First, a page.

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Voices of African American Women

One reason I became interested in the study of folklife was to learn through the voices of peoples who are often under-represented in history. As this is the end of February, African American History Month, and March is Women’s History Month, it seems a good time to take a look at what African American women have to teach us. The primary-source collections of the American Folklife Center, and the Library as a whole, provide wonderful ways to experience history as presented by African American women.

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Q & A with Journalist Vern Smith on the Voices of Civil Rights Project Collection

Two weeks ago, Beth Domingo of AARP’s Life Reimagined Institute and journalist Vern Smith came to the American Folklife Center to talk with us about their work on the Voices of Civil Rights project (AFC 2005/015), sponsored by AARP and donated to the Library of Congress in 2005, and to hear about our recent work […]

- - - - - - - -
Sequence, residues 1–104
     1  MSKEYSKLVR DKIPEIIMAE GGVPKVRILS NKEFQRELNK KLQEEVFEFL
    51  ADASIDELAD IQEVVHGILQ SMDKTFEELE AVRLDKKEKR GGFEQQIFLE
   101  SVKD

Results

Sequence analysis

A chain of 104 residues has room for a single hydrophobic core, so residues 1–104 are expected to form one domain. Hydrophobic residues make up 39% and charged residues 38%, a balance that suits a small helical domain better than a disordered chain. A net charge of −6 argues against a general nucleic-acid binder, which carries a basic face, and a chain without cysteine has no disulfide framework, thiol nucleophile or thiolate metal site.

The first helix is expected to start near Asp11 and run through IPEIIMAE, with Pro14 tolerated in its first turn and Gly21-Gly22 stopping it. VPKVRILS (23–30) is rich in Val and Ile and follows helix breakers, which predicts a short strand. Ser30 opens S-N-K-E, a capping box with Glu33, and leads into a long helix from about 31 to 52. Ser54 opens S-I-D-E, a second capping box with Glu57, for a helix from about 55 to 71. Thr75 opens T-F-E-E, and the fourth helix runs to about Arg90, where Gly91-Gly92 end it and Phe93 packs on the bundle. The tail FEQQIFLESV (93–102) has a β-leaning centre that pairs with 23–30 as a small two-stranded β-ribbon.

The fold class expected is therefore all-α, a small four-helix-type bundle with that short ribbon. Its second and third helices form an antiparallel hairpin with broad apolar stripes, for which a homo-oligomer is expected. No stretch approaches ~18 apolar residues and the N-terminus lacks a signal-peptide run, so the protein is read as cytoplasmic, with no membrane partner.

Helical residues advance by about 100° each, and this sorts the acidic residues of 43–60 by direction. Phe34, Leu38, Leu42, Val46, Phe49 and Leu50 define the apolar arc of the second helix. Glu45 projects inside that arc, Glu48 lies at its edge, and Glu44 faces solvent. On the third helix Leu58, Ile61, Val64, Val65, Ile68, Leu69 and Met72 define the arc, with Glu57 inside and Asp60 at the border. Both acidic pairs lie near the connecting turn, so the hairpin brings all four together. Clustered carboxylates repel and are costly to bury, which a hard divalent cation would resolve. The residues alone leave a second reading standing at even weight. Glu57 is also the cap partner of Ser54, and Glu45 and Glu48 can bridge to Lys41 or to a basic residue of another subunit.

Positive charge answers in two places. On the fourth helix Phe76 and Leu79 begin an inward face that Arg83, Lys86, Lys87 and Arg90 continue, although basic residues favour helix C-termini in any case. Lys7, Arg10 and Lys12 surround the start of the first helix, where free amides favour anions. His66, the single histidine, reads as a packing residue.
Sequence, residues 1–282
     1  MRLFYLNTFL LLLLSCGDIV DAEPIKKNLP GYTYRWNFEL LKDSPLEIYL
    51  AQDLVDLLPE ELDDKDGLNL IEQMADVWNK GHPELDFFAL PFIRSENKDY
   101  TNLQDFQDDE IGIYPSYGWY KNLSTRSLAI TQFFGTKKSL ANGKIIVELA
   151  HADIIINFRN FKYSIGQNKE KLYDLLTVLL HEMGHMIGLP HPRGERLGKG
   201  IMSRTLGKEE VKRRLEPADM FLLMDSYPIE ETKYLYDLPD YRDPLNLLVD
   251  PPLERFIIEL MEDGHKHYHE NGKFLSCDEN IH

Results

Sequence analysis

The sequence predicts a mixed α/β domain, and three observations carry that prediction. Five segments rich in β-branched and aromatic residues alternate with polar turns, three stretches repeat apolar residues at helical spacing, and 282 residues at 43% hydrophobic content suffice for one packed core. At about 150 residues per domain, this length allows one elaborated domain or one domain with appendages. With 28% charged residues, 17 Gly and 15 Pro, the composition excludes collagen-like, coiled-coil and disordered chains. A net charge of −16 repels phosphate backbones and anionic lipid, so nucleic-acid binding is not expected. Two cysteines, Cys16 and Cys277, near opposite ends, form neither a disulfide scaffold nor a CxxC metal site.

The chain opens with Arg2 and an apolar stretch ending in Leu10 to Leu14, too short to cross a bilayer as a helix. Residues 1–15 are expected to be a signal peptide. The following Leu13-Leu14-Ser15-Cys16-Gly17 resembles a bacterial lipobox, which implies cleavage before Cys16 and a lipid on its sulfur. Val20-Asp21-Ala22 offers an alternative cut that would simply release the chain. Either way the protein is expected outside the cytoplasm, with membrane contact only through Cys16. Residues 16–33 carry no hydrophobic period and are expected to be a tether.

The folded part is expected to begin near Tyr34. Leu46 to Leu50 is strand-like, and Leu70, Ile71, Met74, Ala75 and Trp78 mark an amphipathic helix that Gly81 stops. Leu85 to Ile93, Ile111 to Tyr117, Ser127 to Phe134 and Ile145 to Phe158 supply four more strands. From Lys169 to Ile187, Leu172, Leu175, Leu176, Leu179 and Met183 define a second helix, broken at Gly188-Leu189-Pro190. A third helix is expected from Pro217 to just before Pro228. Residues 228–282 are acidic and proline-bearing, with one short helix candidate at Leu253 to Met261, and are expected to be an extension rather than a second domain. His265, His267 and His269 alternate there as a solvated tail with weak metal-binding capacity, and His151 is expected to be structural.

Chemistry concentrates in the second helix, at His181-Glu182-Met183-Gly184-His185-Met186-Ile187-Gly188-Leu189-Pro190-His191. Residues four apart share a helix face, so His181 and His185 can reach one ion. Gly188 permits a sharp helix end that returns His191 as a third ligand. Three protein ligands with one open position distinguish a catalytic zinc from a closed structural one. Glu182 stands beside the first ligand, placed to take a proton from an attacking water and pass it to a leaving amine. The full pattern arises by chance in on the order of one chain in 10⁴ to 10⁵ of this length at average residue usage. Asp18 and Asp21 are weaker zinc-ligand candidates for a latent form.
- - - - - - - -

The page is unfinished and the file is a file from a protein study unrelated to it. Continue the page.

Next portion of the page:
Preparing thousands of the earliest ethnographic recordings on wax cylinders for transfer to the National Audio-visual Conservation Center

Judith Gray, a specialist in Native American cultures, has been spending a lot of quality time down in the chilly decks of the Library’s Jefferson building lately. She curates the largest body of early recordings of indigenous American music and stories in the United States contained on nearly ten thousand wax cylinders. When not on […]

Recognizing African-American Veterans This Month and All Other Months Too

As a native Washingtonian, I grew up in a predominantly African American community and proudly attended D.C. Public Schools, where Black History was taught as a regular part of the curriculum, and not just during February. As far as my elementary school music teacher was concerned, “Lift Ev’ry Voice and Sing,” also known as “The […]